MEXICO CITY (Reuters) – Mexico will file a new lawsuit in the United States seeking responsibility for cross-border gun flows after a U.S. judge last week dismissed a separate $10 billion lawsuit against U.S. gun manufacturers, Mexico’s foreign minister said on Wednesday.
The lawsuit will be filed in Arizona, Foreign Minister Marcelo Ebrard said during a speech before Mexico’s Senate.
Mexico’s foreign ministry last week said it would appeal the Sept. 30 decision of a federal judge in Boston to dismiss the lawsuit Mexico filed last year seeking $10 billion in damages from U.S. gun companies, including Smith & Wesson Brands Inc and Sturm, Ruger & Co.
Mexico had accused the companies of reckless business practices that enabled the flow of guns to Mexico, undermining local law and leading to thousands of deaths.
During his speech on Wednesday, Ebrard referred to a bipartisan package of gun safety measures passed by the U.S. Congress and signed into law by President Joe Biden in June. The law blocks gun sales to those convicted of abusing unmarried intimate partners and cracks down on gun sales to purchasers convicted of domestic violence.
“Illicit arms trafficking is already a crime in the United States,” Ebrard said.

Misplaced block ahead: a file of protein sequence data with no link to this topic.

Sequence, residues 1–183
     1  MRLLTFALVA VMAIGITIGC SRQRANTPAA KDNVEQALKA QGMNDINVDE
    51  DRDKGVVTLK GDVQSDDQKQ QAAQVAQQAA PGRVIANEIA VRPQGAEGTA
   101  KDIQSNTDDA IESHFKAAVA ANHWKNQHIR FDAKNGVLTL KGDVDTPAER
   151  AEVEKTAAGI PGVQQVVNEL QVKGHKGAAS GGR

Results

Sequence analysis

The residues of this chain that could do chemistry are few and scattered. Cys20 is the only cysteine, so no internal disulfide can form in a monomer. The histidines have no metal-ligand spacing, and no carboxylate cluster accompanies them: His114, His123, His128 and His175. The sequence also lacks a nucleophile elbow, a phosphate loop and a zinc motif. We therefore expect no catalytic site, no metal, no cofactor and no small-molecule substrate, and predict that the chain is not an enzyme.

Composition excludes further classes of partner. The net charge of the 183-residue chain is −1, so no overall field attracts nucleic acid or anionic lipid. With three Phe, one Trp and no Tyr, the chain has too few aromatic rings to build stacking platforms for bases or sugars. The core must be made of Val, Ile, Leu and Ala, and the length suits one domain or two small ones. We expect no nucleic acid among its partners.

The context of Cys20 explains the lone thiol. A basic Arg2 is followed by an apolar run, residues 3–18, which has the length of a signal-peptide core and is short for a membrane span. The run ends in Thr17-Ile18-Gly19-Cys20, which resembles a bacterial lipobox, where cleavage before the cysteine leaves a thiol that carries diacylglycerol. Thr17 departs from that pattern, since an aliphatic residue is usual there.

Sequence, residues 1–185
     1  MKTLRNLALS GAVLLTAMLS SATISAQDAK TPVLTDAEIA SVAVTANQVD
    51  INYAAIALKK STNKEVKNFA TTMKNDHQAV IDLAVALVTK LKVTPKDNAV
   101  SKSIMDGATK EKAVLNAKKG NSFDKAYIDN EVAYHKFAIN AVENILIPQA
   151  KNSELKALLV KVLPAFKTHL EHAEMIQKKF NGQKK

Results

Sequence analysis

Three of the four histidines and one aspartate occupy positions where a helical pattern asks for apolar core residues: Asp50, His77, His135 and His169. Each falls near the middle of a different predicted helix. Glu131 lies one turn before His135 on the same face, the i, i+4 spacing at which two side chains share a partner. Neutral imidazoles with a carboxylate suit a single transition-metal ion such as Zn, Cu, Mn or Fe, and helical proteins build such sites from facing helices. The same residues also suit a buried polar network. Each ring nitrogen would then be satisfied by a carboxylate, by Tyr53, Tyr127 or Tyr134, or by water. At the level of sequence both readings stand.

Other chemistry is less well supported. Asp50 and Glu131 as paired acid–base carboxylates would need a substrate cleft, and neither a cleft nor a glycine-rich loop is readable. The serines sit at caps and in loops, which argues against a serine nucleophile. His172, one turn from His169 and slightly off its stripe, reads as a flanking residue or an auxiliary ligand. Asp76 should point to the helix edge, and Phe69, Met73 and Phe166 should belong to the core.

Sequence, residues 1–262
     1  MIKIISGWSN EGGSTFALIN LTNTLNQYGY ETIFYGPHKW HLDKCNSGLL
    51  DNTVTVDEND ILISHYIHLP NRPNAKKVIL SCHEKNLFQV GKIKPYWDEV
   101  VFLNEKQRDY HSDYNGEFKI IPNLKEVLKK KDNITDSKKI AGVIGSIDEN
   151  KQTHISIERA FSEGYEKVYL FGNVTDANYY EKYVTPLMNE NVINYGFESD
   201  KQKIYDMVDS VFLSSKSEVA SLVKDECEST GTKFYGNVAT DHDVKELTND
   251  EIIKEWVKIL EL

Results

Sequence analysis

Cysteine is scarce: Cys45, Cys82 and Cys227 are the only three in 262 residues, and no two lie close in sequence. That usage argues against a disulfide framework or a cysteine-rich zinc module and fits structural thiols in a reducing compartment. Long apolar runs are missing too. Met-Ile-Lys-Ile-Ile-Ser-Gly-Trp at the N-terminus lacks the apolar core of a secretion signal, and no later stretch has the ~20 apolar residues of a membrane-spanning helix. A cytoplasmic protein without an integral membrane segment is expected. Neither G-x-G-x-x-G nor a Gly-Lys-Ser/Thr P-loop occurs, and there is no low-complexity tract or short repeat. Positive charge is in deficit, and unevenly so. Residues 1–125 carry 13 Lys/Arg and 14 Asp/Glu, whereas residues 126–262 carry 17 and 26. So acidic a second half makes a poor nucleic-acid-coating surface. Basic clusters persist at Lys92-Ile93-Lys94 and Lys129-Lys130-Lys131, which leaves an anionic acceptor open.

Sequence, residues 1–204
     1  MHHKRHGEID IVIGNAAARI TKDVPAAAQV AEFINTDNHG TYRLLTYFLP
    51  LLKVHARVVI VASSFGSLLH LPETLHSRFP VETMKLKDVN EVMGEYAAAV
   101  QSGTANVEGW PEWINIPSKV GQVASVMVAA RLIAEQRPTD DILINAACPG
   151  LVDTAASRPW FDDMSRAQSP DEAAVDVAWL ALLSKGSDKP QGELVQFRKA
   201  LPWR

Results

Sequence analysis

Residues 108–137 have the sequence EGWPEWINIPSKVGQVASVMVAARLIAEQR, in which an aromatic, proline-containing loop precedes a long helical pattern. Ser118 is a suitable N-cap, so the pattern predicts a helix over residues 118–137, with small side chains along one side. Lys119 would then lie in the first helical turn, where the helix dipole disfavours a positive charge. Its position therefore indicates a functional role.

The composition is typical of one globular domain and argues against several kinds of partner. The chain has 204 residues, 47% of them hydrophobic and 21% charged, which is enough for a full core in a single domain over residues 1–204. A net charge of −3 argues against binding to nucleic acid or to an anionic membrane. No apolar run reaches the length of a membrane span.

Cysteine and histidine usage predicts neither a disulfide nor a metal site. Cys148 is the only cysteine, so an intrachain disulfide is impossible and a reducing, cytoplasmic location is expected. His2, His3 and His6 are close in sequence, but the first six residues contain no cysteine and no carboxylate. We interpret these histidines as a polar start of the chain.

“You have to start establishing criminal responsibilities because the companies that are selling these weapons in these counties (in Arizona), which are very few, of course they know where those weapons are going,” he added, but did not specify which companies he was referring to.
On Sept. 30, Judge F. Dennis Saylor of the U.S. District Court for the District of Massachusetts threw out Mexico’s original lawsuit, saying U.S. law “unequivocally” bars lawsuits seeking to hold gun manufacturers responsible when people use guns for their intended purpose.
Ebrard said the issue will be “the primary topic” at meetings on border security and migration that Mexican and U.S. authorities will hold next week in Washington.
(Reporting by Brendan O’Boyle and Raul Cortes Fernandez; Editing by Paul Simao)